Welcome to Bohol!
Bohol is the tenth largest island in the Philippines and is one of the most visited tourist destinations in the country. It is located in the Central Visayas region and is most famous for its well- known unusually shaped Chocolate Hills and the cute bug eyed Philippine Tarsier, one of the smallest known primates. While both are the main highlights in a usual visit to the province, Bohol also offers more than that. Travellers would surely enjoy a wide array of other options like the pristine white beaches and the snorkelling/diving in Panglao Island or visit the island’s majestic Spanish-era churches which were devastated by the 7.2 magnitude earthquake in 2013.
I have so many interesting things to share during this trip so I decided to make a blog series where I will be featuring two Bohol tourist destinations we visited in each blog.
[Note: I availed a 3D/2N Tour Package from Bohol Cheap Package Tour which includes the tour + accommodation + entrance fees. This made our trip hassle free]
How did we get there?
From Cebu, we took the 6 AM Ferry Ride to Bohol. It was around 2 hour ride via Ocean Jet. We were met by Kuya Jun, our driver, and from then our journey began! We were so lucky having Kuya Jun with us as he entertained us during the trip, telling us stories and jokes which made the whole trip more fun. He was so nice to volunteer to be our photographer as well.
The Blood Compact Site
Our first stop was at the Blood Compact Site (Sandugo Shrine). It was so hot that time, around 9 in the morning. Isn’t it obvious that we really had a hard time looking at the camera?
Located along the National Highway, in Barangay Bool, Tagbilaran City, this shrine monument relives one of the most important events in the Philippine History – the blood compact between Miguel Lopez de Legazpi of Spain and Datu Sikatuna, chieftain of Bohol on March 1565. The blood compact is or Sandugo is just a shorter version of Isang Dugo (or one blood). This is the First Treaty of Friendship between Spaniards and Filipinos. The Blood Compact was marked by the drinking of wine mixed with blood from the cut on the arms of Sikatuna and Legaspi.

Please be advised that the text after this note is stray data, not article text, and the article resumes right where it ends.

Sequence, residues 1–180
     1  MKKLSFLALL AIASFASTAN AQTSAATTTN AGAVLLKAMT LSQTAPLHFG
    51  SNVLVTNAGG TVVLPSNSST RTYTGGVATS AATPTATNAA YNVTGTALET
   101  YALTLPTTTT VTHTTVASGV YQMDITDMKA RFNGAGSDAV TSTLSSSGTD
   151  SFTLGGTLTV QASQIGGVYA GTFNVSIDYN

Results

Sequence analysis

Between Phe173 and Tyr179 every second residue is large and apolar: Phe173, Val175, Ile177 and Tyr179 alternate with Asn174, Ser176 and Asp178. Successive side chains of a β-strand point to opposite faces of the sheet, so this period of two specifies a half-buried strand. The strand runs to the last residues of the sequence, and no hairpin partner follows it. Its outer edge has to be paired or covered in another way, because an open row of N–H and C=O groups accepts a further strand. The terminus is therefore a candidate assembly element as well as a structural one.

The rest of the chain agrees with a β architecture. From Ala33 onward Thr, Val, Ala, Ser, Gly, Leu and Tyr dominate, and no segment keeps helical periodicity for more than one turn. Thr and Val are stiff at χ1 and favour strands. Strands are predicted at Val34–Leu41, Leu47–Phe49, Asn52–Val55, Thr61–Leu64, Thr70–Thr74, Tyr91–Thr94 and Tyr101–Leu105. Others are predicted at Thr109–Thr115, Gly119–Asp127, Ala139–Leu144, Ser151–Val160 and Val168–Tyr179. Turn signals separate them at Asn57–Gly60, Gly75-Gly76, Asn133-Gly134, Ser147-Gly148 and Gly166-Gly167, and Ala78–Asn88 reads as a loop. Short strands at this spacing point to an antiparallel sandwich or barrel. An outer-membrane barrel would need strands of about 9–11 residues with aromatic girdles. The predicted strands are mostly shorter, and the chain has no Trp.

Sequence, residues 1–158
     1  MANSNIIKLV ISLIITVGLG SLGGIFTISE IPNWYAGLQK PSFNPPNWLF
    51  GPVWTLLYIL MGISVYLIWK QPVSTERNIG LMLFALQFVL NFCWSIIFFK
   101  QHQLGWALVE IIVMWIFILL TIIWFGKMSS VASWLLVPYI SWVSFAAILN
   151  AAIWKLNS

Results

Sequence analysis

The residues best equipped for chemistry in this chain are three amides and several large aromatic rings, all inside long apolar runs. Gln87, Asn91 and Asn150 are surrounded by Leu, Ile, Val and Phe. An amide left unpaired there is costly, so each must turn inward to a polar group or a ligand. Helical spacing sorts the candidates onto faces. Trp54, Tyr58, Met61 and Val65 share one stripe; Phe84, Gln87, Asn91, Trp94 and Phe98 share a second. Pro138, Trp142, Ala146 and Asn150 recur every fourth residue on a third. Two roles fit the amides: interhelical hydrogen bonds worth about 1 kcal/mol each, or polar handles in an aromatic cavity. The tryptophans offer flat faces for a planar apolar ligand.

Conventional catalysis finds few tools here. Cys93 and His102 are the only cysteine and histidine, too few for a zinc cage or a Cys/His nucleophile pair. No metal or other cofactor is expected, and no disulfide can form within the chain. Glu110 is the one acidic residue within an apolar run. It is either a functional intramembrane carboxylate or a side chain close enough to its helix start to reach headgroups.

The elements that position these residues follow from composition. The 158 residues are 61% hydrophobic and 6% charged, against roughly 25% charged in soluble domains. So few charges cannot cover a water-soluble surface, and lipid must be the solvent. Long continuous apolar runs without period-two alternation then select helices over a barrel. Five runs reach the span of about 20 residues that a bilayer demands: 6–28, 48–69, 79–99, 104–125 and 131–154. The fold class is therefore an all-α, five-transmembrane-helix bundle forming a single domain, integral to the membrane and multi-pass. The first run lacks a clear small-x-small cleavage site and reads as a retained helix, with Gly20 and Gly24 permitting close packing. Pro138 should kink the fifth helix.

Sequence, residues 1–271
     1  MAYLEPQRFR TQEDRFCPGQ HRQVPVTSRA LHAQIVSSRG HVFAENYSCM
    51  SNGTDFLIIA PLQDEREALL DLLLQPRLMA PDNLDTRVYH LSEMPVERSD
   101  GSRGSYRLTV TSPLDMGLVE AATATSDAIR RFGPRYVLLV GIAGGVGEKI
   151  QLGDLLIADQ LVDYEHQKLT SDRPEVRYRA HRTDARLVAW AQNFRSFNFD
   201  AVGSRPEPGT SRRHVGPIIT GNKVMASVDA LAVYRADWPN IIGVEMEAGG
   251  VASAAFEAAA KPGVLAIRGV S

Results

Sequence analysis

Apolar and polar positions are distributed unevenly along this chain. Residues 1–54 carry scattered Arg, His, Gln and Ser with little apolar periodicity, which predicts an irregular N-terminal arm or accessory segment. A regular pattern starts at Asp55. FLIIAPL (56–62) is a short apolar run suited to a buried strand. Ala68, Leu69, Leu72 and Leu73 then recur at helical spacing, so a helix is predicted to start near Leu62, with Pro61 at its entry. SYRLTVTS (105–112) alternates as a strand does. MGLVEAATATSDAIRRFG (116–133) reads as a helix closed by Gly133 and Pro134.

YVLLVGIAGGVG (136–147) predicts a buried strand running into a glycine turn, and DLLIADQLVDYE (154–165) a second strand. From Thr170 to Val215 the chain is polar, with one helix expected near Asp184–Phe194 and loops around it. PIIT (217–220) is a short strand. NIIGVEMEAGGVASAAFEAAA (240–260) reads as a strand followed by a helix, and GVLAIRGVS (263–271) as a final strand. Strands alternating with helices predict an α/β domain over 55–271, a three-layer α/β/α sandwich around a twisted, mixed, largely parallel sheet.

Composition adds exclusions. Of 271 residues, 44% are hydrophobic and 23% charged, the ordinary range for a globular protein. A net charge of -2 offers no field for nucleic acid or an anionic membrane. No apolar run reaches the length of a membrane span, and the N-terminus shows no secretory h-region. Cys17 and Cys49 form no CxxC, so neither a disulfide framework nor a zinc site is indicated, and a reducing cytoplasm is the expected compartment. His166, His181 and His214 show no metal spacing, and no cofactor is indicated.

The sculpture which was made by National Artist, Napoleon Abueva, also from Bohol is placed in a raised platform, perfect for photo ops. Plus, behind the monument is a panoramic view of Panglao Island. The historic site is located Barangay Bool, Tagbilaran City fronting a public school. There are also vendors offering souvenir and gift items outside the site.
Did you know? The National Historical Institute in 2005 found out that the “site” isn’t the exact location of the Blood Compact. Maybe you can ask the locals about it.
The Baclayon Church
Bohol is also known for its old churches some of which are built during the Spanish colonial era and considered national treasures. One of them is Baclayon Church, formerly known as La Purisima Concepcion de la Virgen Maria Parish Church.
Baclayon Church is the second oldest stone church in the Philippines. Considered as a National Treasure, Baclayon church was constructed in the 15th century was home to the Spanish Jesuit missionaries. The church building had a dungeon where violators of Roman Catholic Law were punished. It was completed in 1727 and a large bell was added in 1835.
A 7.2 magnitude earthquake in Bohol destroyed the Baclayon Church and many other old churches in Bohol. Today, the church is undergoing rehabilitation.
We didn’t get inside the church or the museum. We just took some pictures and went to the next itinerary that day.
Did you know? The Baclayon Church was built by the people of Baclayon using coral stones and cemented using a million egg whites.